1 School of Biological Sciences, Victoria University of Wellington, Wellington, New Zealand
2 Department of Environmental Science, Policy and Management, University of California - Berkeley, USA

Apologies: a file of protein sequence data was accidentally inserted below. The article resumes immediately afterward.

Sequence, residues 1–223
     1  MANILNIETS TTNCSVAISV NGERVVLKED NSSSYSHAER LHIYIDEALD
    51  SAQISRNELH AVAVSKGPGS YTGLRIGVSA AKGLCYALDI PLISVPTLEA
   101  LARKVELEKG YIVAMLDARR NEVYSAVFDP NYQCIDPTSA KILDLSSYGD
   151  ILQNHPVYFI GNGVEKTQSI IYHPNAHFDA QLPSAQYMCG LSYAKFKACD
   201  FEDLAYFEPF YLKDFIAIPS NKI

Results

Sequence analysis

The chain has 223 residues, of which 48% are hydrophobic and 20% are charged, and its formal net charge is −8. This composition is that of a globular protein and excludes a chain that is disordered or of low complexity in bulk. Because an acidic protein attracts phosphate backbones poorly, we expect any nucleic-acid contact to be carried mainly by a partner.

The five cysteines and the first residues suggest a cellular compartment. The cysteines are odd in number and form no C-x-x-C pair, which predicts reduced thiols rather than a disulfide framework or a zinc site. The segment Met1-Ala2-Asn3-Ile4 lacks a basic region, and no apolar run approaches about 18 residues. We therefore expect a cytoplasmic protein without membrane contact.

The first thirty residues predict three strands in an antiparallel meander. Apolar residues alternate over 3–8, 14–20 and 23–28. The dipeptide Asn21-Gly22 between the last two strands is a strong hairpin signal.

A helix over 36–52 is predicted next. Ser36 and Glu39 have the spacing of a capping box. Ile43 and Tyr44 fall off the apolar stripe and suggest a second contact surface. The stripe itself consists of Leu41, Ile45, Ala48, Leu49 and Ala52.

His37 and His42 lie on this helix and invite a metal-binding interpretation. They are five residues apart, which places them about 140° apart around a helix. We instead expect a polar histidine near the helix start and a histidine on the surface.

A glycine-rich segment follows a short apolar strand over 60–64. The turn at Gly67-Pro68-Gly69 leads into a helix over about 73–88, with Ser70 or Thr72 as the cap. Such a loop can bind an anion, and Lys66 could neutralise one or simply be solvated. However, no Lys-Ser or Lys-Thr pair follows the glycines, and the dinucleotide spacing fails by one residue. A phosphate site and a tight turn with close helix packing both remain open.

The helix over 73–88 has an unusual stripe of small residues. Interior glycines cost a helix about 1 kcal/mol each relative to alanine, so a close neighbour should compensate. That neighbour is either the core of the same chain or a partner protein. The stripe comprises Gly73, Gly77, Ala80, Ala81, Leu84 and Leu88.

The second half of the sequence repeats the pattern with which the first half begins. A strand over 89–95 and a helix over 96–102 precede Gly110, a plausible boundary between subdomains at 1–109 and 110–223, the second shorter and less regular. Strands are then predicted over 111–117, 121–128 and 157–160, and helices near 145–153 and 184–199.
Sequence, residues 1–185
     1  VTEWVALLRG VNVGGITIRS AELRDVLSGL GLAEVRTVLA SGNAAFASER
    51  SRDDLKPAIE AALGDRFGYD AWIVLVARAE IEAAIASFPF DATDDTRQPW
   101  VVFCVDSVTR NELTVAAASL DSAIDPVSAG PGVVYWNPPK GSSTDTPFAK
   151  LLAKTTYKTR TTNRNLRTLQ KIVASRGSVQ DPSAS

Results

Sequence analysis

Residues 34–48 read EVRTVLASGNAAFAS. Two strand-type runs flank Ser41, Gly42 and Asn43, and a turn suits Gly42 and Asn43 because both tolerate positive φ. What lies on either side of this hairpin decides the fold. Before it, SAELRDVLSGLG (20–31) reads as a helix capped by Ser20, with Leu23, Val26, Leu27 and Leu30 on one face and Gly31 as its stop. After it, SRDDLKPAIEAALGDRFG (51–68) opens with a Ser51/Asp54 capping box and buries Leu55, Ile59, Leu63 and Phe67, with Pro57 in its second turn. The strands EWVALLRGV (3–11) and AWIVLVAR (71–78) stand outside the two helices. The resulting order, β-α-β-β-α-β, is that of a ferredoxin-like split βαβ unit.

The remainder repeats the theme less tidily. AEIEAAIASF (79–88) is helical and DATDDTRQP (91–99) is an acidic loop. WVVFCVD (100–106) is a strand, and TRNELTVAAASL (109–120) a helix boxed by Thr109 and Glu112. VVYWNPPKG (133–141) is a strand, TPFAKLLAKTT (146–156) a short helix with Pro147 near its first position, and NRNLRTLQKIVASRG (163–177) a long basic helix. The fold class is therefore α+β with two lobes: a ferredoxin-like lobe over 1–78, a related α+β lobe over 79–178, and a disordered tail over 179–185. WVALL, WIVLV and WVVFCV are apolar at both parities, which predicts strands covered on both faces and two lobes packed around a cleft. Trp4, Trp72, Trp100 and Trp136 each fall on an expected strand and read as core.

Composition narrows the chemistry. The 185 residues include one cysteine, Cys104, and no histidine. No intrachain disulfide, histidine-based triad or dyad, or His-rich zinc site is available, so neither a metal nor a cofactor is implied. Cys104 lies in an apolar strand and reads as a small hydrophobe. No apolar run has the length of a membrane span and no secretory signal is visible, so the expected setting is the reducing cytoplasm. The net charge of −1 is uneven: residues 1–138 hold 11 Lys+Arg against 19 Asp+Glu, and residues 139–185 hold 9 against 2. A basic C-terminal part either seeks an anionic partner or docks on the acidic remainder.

Complex social insect colonies require complex communication strategies. Most notably, the ability to identify friends from foes and discriminate individual roles within the colony are central to their social organisation. Cuticular hydrocarbons (CHCs) are known to be key compounds in nest-mate, caste and species recognition in social insects. Despite our growing knowledge of the nature of these cues, we have very little insight into how social insects actually perceive and discriminate among these chemicals. In this study, we used differential olfactory conditioning with custom-designed synthetic hdrocarbons commonly found on CHC profiles to analyse compound discrimination and learning in the Argentine ant, Linepithema humile. Our data show that tri-methyl alkanes are more easily learned than single-methyl or straight-chain alkanes. In addition, we reveal that Argentine ants can discriminate between hydrocarbons with different branching patterns, but that backbone chain length alone is not always a discrimination factor. These results demonstrate that the molecular structure of CHCs influence those compounds that ants can discriminate between and learn better, which are thus likely to play a prominent role in chemical signalling and nest-mate recognition.